US$150 billion per year. That’s the expected additional loss that the financial sector could face when climate action by companies is delayed, according to the launch report of a joint initiative by the Oxford Sustainable Finance Group at the University of Oxford and the non-profit think tank 2° Investing Initiative.
According to the study, part of a new initiative called the Climate Stress-Testing and Scenarios Project (CSTS), analyzed publicly listed companies in four of the most climate-critical sectors (power generation, oil & gas, coal production and the automotive industry) are insufficiently aligned with the net-zero transition. This means that even an early transition in 2026 is likely to be disorderly, with the overall estimated cost to the financial sector amounting to US$2.2 trillion. On top of that, for every year the transition is delayed, financial institutions could rack up additional costs of US$150 billion annually due to climate transition-related changes in market and credit risk. Since this initial analysis did not capture every sector, these costs represent a lower-bound estimate and could be considerably higher when factoring in both broader economy and non-public companies.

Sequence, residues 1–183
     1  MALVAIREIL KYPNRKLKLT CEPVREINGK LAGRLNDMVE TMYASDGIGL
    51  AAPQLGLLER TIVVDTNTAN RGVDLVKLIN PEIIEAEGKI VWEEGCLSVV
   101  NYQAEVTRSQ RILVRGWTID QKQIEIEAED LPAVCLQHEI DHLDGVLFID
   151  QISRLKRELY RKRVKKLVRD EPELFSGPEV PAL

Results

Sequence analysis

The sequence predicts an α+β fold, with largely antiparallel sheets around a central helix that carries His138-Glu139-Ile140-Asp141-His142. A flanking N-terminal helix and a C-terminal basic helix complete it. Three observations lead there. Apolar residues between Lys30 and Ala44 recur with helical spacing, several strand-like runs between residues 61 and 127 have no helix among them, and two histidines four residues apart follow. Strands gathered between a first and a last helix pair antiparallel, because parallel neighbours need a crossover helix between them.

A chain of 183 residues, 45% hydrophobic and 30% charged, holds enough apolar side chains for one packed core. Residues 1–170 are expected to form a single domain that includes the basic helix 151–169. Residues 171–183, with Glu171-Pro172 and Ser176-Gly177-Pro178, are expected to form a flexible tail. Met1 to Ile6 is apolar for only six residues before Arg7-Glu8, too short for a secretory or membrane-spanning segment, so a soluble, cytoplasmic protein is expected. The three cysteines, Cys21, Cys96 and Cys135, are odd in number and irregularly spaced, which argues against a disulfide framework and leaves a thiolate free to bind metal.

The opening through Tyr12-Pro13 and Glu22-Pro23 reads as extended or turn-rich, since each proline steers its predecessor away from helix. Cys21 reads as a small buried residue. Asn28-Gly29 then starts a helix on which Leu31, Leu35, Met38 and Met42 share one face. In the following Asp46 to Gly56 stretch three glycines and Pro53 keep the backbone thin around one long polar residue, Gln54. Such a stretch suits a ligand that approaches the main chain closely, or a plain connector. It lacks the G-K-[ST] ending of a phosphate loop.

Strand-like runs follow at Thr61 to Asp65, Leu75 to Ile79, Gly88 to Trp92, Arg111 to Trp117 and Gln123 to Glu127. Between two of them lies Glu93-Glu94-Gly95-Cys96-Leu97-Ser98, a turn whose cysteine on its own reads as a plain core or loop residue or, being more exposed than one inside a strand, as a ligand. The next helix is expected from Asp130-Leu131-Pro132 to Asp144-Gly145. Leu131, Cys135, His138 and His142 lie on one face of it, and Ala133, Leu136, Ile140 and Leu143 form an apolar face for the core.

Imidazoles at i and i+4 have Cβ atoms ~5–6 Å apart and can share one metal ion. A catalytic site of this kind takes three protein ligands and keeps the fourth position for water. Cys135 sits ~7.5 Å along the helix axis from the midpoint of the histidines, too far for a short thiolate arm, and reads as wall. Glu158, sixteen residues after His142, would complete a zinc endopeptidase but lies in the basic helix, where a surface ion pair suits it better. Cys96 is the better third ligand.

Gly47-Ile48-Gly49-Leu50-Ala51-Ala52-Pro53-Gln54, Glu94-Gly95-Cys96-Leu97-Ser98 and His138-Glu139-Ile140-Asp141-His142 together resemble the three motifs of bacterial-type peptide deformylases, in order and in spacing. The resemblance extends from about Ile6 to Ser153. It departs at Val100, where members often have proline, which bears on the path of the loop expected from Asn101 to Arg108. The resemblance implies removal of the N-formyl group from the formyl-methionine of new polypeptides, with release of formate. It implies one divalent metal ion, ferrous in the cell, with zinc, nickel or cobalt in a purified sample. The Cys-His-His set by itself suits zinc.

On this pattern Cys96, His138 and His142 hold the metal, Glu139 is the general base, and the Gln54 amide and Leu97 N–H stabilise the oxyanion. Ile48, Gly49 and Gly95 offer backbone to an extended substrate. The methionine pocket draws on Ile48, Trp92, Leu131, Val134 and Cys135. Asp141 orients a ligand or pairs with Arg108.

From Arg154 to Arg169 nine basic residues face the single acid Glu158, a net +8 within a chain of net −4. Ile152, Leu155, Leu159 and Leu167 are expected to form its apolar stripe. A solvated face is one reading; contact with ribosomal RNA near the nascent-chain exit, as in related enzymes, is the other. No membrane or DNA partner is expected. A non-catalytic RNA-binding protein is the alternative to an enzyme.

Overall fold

Critically, this annual additional cost increases non-linearly the more the transition is delayed – stressing the need for even more rapid action in order to minimize losses. However, this cost is not carried equally across the financial sector: the greatest cost is borne by financial institutions that have the highest portfolio exposure to firms most at risk from the transition. This also underlines the need for bottom-up stress tests with sufficient granularity to distinguish amongst financial institutions with exposure to the worst-performing firms.